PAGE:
Then there is the transition occurring at the end of the first trimester, implied by the 1973 Supreme Court decision, Roe vs. Wade.
Regarding the question," When does human life begin?' I have touched on a goodly number of possibilities that range between the moment of conception and delivery. Later, you might use these as steps, plus any others of your choosing. If you want more just see 'abortion' in Google for more than 30,000 references.
Running the Film
Now, let me describe the thought experiment and give some background on the notion behind the phrase "running the film backwards." To do so, we must return to the Big Bang and the subsequent creation of the universe.
Astronomers use a number of methods to study the creation of the universe, one of which is film reversal. It was and is a help because with it astronomers can work the laws of physics backward from a known state of affairs —— from the universe they see in the night sky. No assumptions needed. By contrast, if astronomers follow the usual route and start their work at the beginning of time, they must make assumptions about the condition of the universe before time began (now, there's a philosophical enigma) and about the events in the very, very early times after the Big Bang, (horribly complex physical reactions at unbelievable temperatures). And then they must bring in every branch of science to progress through 13 billion years to get to tonight's sky.
So, to get back to the baby in the nursery: Use your thought experiment to play his development movie in reverse and track the baby all the way back to conception, in a fashion similar to the astronomer's going from our night sky back to the Big Bang. The film will take you from the nursery to the delivery room, to the operating table, to when the obstetrician had the baby part way out of the birth canal. He, or she, is about twenty inches long and at this point just a few of these inches are exposed. Now ask yourself: 'Has his status changed? In the nursery he was a human being. Is he now?'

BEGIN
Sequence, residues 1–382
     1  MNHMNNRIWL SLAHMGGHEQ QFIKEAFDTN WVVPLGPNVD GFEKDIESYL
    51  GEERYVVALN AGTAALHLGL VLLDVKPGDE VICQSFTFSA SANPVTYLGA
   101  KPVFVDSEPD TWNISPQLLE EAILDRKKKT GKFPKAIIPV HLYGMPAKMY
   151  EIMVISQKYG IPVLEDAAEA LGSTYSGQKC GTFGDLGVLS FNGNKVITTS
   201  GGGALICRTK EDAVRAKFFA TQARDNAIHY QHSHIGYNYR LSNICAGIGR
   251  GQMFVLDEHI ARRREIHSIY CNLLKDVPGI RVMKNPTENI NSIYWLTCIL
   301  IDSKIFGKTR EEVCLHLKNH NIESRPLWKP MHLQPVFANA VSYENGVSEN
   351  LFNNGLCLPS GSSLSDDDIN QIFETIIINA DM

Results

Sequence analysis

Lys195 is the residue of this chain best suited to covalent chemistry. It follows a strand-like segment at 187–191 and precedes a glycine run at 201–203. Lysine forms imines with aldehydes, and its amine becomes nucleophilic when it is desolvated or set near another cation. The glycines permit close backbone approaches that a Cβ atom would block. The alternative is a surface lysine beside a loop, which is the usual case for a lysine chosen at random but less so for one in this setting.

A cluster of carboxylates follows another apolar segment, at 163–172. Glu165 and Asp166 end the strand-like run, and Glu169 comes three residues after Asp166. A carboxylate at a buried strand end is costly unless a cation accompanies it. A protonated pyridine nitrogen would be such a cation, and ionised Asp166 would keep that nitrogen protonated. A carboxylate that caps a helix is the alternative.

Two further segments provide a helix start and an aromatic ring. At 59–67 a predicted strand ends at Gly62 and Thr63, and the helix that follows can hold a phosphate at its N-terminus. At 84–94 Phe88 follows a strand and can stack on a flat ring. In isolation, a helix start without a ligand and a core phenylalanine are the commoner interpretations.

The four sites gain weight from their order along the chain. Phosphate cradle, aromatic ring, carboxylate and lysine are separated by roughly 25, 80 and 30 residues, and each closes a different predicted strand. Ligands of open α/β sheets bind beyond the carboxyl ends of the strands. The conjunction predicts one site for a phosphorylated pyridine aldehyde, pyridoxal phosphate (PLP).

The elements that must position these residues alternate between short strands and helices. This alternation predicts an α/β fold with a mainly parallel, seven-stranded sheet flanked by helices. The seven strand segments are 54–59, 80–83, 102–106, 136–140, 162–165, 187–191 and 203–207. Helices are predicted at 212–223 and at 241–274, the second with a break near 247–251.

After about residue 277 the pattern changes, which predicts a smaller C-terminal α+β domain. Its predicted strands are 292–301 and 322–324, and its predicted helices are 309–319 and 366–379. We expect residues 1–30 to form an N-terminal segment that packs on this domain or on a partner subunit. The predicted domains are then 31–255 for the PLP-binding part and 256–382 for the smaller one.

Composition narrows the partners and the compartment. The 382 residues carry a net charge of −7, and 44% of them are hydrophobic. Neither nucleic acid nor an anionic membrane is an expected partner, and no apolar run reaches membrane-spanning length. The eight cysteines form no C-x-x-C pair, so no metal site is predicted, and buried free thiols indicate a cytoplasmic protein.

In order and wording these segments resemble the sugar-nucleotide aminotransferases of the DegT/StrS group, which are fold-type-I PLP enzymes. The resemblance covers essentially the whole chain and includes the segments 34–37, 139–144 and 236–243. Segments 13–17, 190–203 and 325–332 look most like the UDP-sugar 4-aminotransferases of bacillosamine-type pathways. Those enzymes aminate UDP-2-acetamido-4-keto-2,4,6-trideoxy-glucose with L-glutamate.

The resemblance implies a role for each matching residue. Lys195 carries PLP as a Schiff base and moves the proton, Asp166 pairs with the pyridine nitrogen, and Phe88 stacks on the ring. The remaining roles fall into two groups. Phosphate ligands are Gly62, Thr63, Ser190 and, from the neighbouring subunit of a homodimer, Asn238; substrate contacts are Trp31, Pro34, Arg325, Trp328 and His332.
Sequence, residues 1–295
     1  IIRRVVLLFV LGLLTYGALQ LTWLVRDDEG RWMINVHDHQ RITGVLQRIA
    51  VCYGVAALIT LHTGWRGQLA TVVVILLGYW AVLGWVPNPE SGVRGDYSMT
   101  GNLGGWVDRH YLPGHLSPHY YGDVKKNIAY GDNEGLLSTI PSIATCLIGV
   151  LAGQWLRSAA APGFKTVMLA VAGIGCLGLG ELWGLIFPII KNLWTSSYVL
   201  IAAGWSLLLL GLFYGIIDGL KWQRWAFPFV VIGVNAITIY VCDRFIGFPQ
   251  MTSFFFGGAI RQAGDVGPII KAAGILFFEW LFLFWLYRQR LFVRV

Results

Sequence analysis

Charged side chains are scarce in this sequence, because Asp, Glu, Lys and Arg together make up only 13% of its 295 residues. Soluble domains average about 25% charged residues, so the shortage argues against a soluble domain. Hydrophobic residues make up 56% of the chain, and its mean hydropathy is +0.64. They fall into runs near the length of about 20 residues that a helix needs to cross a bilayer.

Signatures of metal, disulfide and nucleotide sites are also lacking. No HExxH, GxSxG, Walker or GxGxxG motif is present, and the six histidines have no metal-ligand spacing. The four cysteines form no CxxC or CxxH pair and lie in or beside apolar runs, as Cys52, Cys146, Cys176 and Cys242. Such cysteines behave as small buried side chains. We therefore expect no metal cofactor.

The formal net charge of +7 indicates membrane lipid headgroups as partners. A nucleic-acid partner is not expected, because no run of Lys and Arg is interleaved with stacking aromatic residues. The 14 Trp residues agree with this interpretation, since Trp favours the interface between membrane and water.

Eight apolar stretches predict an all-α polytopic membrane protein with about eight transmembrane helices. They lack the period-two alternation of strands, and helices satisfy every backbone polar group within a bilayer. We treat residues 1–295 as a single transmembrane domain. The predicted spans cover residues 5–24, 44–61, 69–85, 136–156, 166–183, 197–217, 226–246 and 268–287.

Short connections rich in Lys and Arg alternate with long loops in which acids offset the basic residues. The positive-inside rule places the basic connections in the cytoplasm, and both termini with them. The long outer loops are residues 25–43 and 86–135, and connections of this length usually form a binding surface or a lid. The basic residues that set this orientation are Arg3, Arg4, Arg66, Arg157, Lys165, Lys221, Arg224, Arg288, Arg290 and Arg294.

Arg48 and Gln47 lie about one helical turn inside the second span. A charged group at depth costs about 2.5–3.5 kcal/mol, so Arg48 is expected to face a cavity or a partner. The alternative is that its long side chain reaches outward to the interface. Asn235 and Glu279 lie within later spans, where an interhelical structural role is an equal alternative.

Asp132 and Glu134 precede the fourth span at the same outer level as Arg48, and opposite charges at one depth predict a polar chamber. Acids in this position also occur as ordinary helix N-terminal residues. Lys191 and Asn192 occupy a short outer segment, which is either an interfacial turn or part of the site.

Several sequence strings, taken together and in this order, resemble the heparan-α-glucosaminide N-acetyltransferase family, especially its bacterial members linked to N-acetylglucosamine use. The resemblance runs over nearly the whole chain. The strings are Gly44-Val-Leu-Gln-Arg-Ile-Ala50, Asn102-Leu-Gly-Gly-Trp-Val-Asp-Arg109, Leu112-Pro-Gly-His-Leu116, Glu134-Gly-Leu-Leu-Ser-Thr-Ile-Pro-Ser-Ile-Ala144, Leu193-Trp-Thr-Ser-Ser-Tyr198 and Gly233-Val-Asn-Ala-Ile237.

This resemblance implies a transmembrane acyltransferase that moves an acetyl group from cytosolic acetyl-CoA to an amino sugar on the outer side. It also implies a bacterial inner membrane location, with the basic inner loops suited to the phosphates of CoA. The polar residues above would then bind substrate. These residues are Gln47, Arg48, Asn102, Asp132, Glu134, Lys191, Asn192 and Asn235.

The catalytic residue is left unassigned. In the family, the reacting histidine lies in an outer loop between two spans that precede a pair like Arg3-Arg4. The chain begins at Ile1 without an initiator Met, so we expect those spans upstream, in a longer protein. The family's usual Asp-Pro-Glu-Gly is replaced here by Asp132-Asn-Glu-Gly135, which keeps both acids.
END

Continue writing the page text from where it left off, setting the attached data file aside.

Reverse the film a few more minutes to when the baby is inside its mother's uterus entirely. Does the film tell you that the baby has changed from moments before when he was at the operating table or in the nursery? So, ask the same status question: 'Is this baby now a human being or not?'
OK. You get the idea. You can repeat this procedure continually, for the full nine months if necessary. You might want to use the list of items cited earlier, (animation, quickening etc.), adding whatever other points of reference you wish. Continue until getting a definite: 'No, this baby no longer is a human being' —— or else go all the way back to conception. Either way, you will have reached your definition of the human to non—human transition.
Joseph L. Masi is a physicist and a retired US Air Force officer. He is a graduate of the US Naval Academy and holds a Ph.D from Kings College, London. Dr. Masi resides in the San Francisco Bay area and welcomes your comments at email@example.com.